Universality of rights:
establishing dialogue, transgressing borders,
supporting self-determination


Submitted to The London School of Economics for the MSc in Human Rights with Politics by Rosário Frada


The Universal Declaration of Human Rights (UDHR) and the subsequent covenants were intended to create a worldwide safety net of rights adequate to all, independently of time, space or culture. Today critics such as Brown (2007:41) claim that “virtually everything encompassed by…. ‘human rights’ is subject of controversy”. Regarding their universality, two main arguments emerge: (1) Human rights can only be universal if the entire world resembles the particular society from which they emerged (ibid.) and (2), they are a tool for Western imperialism (Douzinas,.2007;.Singh,.2002;.Heuer and Schirmer,.1998).


This essay reflects upon both above-mentioned controversies through historical and philosophical lenses, identifying fallacies in both arguments and demonstrating that universal human rights are necessary. We argue the claim regarding Western Imperialism is inherently colonial, and cultural relativism denies an objective truth going beyond individual subjectivities and aiding in creating a space for dialogue between societies that still allows for their pluralism.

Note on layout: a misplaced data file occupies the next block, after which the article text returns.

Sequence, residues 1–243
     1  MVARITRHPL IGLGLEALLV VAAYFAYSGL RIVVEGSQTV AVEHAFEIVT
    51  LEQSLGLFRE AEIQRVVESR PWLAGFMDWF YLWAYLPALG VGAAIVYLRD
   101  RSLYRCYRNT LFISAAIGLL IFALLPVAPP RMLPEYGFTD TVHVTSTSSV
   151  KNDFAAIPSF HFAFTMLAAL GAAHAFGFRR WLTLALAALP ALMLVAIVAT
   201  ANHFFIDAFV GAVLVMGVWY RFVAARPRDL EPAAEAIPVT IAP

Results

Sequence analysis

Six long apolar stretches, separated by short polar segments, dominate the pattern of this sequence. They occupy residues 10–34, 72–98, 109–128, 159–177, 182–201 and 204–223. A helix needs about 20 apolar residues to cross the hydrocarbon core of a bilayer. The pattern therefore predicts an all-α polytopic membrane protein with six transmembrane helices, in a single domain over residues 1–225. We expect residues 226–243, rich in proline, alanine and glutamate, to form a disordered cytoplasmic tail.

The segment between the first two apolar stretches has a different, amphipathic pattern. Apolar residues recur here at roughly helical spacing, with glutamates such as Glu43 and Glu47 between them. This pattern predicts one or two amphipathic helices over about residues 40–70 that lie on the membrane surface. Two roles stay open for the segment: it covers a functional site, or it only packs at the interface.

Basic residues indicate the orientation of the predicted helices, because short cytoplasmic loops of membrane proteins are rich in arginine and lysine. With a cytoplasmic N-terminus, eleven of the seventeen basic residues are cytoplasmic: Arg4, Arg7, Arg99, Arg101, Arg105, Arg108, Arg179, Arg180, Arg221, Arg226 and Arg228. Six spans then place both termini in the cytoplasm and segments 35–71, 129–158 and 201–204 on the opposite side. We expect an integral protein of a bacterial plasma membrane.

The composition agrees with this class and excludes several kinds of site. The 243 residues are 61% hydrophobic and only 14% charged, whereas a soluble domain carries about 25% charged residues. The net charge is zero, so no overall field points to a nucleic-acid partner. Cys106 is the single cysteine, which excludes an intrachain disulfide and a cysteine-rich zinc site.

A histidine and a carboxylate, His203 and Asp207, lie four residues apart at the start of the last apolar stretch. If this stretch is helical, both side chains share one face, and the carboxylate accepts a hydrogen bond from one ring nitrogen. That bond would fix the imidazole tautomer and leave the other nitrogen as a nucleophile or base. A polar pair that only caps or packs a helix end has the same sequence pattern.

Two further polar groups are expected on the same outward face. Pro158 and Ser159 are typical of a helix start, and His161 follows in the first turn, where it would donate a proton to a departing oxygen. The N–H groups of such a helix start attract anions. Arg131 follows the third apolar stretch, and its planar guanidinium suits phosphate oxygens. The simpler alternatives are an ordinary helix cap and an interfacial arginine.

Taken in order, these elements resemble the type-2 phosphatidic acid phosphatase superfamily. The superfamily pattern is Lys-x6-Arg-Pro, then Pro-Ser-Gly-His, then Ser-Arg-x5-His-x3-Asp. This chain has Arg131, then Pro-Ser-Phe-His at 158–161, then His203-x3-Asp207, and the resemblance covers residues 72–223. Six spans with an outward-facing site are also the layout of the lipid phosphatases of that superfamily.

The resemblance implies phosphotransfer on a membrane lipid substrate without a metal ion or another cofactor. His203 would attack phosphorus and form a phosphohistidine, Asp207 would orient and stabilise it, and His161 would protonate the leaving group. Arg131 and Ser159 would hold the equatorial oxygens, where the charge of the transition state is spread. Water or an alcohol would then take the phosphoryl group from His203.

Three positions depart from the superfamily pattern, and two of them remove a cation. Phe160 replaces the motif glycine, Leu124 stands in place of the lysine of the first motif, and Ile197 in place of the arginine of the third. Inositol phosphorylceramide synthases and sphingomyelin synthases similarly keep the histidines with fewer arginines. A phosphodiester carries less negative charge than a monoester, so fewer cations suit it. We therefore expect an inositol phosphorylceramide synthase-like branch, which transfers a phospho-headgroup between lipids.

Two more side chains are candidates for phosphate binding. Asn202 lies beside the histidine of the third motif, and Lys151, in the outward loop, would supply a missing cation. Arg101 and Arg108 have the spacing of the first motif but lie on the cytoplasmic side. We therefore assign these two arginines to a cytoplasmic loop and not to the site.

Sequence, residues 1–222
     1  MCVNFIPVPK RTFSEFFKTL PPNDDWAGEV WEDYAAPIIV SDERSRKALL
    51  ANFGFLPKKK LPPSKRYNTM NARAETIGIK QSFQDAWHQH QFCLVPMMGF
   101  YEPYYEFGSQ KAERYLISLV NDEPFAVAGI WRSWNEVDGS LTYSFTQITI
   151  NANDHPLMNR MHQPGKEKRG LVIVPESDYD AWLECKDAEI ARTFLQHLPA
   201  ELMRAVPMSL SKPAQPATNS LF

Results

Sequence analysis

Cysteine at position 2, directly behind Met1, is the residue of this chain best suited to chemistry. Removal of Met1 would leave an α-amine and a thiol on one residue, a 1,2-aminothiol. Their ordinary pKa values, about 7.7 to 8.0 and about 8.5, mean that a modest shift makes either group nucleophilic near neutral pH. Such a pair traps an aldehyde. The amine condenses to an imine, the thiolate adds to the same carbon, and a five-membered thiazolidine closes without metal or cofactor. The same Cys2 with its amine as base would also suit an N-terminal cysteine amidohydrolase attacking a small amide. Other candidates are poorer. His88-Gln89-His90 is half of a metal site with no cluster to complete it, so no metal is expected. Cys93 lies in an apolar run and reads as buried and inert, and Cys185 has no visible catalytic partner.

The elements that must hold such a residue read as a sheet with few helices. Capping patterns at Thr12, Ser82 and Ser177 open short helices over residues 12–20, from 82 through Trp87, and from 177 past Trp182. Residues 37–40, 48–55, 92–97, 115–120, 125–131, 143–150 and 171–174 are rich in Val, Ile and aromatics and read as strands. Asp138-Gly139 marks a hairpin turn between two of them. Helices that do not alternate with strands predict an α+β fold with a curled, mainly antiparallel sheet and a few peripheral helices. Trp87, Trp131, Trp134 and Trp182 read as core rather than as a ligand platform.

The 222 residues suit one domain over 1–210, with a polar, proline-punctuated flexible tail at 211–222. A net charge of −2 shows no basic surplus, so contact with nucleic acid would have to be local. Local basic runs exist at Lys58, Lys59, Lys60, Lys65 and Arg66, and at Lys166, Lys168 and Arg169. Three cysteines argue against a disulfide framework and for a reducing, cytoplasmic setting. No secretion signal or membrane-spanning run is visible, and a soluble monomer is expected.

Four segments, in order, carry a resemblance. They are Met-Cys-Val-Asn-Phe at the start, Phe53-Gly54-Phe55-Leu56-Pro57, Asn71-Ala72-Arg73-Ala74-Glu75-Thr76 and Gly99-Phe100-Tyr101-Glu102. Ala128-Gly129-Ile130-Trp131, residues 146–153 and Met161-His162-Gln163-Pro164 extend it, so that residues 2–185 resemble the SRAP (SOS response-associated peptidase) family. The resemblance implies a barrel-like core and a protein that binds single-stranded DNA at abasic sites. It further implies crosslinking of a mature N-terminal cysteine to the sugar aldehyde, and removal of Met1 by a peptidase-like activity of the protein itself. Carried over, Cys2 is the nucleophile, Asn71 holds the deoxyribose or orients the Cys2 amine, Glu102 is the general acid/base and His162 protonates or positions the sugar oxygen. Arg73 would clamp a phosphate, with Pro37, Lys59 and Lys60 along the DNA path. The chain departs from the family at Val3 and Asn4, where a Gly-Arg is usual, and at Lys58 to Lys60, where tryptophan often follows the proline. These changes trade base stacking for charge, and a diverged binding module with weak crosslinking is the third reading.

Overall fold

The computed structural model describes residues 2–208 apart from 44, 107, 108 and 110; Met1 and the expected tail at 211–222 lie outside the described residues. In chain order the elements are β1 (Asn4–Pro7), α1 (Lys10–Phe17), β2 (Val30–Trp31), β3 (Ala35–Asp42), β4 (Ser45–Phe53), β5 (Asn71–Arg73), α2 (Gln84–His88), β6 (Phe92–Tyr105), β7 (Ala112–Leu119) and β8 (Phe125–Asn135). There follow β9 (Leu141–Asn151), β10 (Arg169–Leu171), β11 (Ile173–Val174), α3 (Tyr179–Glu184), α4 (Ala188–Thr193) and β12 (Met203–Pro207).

The Fallacy in Imperialism and Relativism

Rejecting universal human rights because they represent new forms of Western imperialism not only distorts history but repeats it: disregarding Third World achievements to amplify the power of Western elites. Rengger (2011:1173) describes universal human rights as “a mask for Western interests” and Douzinas (2007:viii) asks whether they are_an “ideological gloss of an emerging empire”. What seems to be unrecognised, is that making these claims without acknowledging the significant role non-Western states played in drafting and universalizing rights reinforces a Western-generated racial hierarchy that creates the “us” vs. “them” inequality (Burke,.2010;Glendon,.2003).